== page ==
MIGA Gears up for Global Economic Recovery
August 06, 2009—Fiscal year 2009, which concluded on June 30th, was an extremely difficult year characterized by challenges and uncertainty throughout the world. The impact on foreign direct investment (FDI) was significant, and has had far-reaching consequences for MIGA and the member countries we serve. Izumi Kobayashi, MIGA’s Executive Vice President, discusses here the challenges of the last year as well as opportunities going forward.
Q: Izumi, there’s no doubt that this past fiscal year was a difficult one. Now that we’ve had a chance to take stock and review our annual results, what was the impact on MIGA’s business and operations?
A: You are correct. This year was challenging for MIGA due to uncertainty resulting from the global economic crisis and reduced investment flows. You’ll recall that the World Bank projected that FDI flows to developing countries would decline by 30 percent in 2009 to approximately $385 billion. Many large projects we were looking at, especially in infrastructure and extractive industries, never got off the ground due to financing difficulties.
Given the difficult external environment, MIGA’s volume of new business dropped from $2.1 billion in guarantees in FY08 to $1.4 billion in FY09. On the other hand, we supported a slightly higher number of projects this year – a total of 26. The vast majority of our guarantees were issued in the financial sector to support commercial banks so they could resume lending. We also covered 10 projects in sub-Saharan Africa, a priority for MIGA. Despite the lower volume of new issuance, we saw our portfolio grow by $800 million last year to $7.3 billion, due mostly to a lower level of portfolio run-off. What we are seeing is that existing guarantee holders have been more inclined to maintain coverage as the emphasis on actively managing all types of risk has increased.
Q: How has MIGA responded to the global financial crisis?
A: Over the last year, MIGA’s focus was on supporting the World Bank Group’s immediate response to the financial crisis, while also providing its own unique set of tools and solutions to support the goal of inclusive and sustainable globalization.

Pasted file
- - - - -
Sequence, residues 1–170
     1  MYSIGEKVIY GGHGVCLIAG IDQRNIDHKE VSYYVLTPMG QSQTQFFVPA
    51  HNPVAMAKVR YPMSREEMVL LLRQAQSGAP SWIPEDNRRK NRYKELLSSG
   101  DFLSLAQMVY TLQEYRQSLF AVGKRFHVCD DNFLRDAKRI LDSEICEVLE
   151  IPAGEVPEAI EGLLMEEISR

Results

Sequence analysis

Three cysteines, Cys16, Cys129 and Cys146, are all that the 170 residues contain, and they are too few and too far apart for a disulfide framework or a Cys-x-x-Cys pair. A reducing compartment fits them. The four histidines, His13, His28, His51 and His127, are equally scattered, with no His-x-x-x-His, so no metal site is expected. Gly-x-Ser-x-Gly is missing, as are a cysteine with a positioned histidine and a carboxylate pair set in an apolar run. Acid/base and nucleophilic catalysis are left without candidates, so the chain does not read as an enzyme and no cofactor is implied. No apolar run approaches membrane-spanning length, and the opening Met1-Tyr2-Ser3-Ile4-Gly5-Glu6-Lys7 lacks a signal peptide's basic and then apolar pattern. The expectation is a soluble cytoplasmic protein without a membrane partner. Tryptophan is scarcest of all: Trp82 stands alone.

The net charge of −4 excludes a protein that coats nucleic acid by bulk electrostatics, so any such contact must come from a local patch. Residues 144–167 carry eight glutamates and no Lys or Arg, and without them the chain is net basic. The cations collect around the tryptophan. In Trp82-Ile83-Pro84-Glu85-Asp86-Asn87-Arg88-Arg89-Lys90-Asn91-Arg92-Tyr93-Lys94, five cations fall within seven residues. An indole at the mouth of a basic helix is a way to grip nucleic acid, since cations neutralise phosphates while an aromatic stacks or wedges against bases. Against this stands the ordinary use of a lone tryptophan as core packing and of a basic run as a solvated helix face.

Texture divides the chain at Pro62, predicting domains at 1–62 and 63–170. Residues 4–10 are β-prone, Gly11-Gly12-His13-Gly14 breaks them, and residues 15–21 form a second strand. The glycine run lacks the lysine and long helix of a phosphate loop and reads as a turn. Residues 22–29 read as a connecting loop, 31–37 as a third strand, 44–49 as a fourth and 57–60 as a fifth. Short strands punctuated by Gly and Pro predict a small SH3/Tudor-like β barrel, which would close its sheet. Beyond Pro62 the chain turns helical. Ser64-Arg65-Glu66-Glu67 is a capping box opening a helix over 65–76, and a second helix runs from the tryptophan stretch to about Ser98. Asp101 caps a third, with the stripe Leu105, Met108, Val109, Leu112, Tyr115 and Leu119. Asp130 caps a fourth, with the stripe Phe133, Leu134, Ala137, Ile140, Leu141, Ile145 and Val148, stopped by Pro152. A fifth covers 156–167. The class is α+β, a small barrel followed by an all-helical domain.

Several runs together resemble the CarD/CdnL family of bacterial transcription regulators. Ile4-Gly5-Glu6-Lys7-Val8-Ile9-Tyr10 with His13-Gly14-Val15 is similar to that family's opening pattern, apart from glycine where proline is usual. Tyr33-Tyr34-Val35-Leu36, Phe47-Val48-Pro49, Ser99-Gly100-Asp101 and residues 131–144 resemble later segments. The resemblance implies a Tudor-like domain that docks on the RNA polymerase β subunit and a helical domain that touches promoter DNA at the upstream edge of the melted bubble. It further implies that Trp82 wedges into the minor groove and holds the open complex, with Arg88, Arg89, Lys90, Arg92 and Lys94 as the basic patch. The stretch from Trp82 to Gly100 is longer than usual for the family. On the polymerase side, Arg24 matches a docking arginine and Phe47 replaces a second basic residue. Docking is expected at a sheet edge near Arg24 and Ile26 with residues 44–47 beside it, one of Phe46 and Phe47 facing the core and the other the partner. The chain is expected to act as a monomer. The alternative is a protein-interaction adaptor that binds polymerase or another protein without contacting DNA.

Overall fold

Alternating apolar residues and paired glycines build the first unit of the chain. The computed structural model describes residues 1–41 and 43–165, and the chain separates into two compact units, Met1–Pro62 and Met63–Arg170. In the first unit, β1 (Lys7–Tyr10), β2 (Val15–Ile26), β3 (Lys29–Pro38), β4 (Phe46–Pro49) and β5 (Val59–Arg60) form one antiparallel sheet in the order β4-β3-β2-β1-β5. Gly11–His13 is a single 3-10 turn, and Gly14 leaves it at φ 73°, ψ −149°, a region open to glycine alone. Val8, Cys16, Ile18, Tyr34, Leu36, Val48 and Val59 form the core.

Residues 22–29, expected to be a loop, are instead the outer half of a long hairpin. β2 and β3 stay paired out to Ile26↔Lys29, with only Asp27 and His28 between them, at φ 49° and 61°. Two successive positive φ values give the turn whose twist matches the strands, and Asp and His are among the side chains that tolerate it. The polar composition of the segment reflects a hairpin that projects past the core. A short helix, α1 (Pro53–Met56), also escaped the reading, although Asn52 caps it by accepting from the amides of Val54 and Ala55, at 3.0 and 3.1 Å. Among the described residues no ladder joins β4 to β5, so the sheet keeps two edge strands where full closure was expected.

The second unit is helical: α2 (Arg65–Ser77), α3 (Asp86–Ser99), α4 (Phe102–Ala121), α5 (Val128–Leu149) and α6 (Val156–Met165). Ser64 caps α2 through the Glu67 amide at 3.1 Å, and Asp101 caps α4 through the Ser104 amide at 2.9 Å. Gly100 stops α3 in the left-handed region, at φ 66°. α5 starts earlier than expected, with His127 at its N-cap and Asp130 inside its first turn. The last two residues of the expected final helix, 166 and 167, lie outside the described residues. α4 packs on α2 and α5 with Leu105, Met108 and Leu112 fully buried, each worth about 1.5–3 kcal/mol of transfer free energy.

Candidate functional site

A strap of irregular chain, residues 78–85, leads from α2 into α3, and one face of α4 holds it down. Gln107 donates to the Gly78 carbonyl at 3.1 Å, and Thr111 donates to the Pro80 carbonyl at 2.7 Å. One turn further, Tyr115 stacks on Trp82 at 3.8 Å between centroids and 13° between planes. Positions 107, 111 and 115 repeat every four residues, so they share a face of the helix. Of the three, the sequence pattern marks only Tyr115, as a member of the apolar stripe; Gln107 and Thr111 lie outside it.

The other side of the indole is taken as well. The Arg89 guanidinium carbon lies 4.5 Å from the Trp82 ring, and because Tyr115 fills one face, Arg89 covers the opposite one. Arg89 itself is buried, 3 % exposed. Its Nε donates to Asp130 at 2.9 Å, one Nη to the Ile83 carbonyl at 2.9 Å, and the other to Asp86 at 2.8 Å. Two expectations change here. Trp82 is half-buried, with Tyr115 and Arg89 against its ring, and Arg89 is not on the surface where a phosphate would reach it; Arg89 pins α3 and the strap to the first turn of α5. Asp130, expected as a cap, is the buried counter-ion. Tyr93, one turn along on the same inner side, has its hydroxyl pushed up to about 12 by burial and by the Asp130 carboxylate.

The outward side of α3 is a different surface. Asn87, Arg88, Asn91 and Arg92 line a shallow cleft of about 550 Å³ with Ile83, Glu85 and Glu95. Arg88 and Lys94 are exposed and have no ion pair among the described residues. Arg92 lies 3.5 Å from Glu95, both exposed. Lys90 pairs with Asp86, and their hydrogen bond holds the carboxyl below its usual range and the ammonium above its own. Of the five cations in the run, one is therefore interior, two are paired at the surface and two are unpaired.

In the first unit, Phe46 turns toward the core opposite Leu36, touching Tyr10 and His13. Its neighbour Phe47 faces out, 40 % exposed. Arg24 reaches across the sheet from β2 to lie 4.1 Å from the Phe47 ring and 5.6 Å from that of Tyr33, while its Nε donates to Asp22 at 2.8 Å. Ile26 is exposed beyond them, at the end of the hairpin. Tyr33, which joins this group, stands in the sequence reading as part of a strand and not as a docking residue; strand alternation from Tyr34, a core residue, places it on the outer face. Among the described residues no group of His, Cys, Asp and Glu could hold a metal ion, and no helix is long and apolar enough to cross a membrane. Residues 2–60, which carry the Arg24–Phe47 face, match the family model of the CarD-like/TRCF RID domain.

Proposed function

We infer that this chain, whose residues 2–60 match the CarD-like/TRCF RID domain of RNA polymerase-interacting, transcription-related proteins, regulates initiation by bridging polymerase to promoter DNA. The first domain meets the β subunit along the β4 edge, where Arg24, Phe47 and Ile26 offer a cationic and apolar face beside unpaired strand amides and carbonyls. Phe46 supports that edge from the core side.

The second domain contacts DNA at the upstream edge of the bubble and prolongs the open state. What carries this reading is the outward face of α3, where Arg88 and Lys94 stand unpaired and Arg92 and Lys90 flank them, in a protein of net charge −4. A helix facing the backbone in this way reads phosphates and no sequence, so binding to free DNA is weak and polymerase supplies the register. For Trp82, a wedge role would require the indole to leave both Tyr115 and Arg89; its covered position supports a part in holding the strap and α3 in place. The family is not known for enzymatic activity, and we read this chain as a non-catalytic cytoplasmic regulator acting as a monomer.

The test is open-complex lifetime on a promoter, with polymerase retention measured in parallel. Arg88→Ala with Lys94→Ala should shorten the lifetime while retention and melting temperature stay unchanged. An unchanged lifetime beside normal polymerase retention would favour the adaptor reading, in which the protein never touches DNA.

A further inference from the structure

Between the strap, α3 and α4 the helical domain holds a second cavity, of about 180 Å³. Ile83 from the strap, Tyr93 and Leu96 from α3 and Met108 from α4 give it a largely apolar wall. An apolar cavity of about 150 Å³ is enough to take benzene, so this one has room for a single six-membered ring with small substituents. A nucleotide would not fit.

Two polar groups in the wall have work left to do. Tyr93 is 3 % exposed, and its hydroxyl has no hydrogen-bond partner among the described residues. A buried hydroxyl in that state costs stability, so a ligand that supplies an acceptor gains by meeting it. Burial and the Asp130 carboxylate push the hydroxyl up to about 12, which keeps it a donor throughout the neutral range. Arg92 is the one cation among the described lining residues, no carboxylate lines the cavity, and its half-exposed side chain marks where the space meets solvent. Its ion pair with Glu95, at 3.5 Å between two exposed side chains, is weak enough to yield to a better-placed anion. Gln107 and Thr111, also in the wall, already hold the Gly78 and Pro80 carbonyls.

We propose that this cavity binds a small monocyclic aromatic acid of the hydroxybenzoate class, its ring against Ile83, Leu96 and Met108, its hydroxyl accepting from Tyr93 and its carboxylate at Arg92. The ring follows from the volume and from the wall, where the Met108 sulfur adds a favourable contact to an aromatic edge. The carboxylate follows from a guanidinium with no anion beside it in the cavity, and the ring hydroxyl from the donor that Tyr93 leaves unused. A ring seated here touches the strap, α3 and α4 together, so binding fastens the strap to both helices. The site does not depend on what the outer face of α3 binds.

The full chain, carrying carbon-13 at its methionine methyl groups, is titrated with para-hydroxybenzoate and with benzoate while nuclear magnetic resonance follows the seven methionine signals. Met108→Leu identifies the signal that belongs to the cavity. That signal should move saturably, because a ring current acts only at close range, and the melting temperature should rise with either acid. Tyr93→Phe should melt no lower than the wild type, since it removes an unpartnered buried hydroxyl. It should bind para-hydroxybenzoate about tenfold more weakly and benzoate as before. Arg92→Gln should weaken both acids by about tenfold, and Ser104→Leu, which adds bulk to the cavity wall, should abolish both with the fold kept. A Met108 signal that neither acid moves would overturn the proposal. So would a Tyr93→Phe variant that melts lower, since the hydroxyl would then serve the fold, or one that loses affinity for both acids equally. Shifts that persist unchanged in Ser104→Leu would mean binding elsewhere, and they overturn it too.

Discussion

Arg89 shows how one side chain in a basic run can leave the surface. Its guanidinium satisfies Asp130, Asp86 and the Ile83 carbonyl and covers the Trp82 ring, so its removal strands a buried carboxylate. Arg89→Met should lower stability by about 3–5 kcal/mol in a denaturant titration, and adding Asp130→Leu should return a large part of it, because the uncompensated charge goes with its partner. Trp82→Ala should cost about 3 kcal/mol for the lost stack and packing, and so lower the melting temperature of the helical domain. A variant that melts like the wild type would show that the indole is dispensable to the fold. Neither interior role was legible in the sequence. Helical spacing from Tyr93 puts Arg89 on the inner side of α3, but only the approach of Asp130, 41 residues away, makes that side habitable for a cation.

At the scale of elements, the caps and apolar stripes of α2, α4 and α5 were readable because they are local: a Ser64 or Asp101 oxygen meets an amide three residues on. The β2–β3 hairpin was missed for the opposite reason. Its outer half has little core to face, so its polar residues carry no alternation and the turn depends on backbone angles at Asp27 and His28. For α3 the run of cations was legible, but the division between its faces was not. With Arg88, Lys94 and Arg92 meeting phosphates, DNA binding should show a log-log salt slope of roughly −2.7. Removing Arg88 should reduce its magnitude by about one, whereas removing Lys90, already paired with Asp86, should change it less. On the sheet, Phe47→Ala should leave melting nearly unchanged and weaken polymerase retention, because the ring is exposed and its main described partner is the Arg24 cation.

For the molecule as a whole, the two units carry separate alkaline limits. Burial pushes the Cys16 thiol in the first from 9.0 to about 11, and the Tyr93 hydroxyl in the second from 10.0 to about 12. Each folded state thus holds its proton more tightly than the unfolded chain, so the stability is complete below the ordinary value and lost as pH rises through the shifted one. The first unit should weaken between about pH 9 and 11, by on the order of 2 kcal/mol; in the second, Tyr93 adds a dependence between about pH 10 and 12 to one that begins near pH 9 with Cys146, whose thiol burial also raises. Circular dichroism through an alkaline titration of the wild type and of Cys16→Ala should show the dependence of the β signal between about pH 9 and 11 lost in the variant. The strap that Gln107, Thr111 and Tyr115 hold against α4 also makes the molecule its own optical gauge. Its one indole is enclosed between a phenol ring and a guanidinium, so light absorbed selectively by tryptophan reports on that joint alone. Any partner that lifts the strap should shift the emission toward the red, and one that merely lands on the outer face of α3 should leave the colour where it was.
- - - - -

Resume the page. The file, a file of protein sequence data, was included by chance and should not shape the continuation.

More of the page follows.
In responding to the crisis, MIGA has been a partner in many of the World Bank Group’s efforts to mobilize resources. We participated in joint regional initiatives for Eastern Europe, Africa, and Latin America.
Q: Can you elaborate on some of the initiatives?
A: Certainly. We provided guarantees for ten loans to banks in Eastern Europe to assist in their recapitalization. This support was significant in securing much needed capital in the face of the ongoing crisis. We also provided political risk insurance to support 10 small and medium-size enterprise projects to help facilitate foreign investment at a time of scarce capital, the largest number yet through our Small Investment Program. I consider this to be an excellent outcome because, as we know, smaller projects can have significant development impact, especially in poorer countries.
In parallel, MIGA continues to actively establish framework and contractual arrangements with other financial institutions in order to create mechanisms that will allow rapid response to institutions in great need and channel liquidity to investors. In 2009, we entered into an innovative contract with the African Development Corporation to develop a product that will facilitate private equity capital for new investments in sub-Saharan Africa. This is particularly important in an environment where investor confidence is lacking.
Q: Economists predict the economic recovery may start next year. How is MIGA positioning itself going forward?
A: We all hope the recovery will begin in 2010 and we are gearing up internally to meet the anticipated demand. To help us be more responsive, I’m very happy to say that this fiscal year we achieved an important milestone for the agency: our Board of Directors approved the adoption of amendments to MIGA’s Operational Regulations. These changes include a new area of coverage, expand our breach of contract and war and civil disturbance coverage, and address some procedural constraints we had faced.
Q: And, going forward, what do you see as some of MIGA’s other priorities?
A: Of course we want to focus our efforts on doing business that achieves sound development impact in the countries that need it the most. That is always a priority. The last year, as a result of the crisis, saw increased close cooperation with other parts of the World Bank Group, and private and public partners, to leverage resources and maximize economic growth and development. Going forward, we want to do even more in this regard, reaching out to our colleagues across the World Bank Group, and to project sponsors and the investment community around the world. We want to build on our partnerships and encourage more dialogue and debate. As part of this effort, we plan to launch a new flagship report in December 2009 that will be a compilation of industry thought and perspective on political risk that we hope will appeal to a broad sector and encourage interest and debate.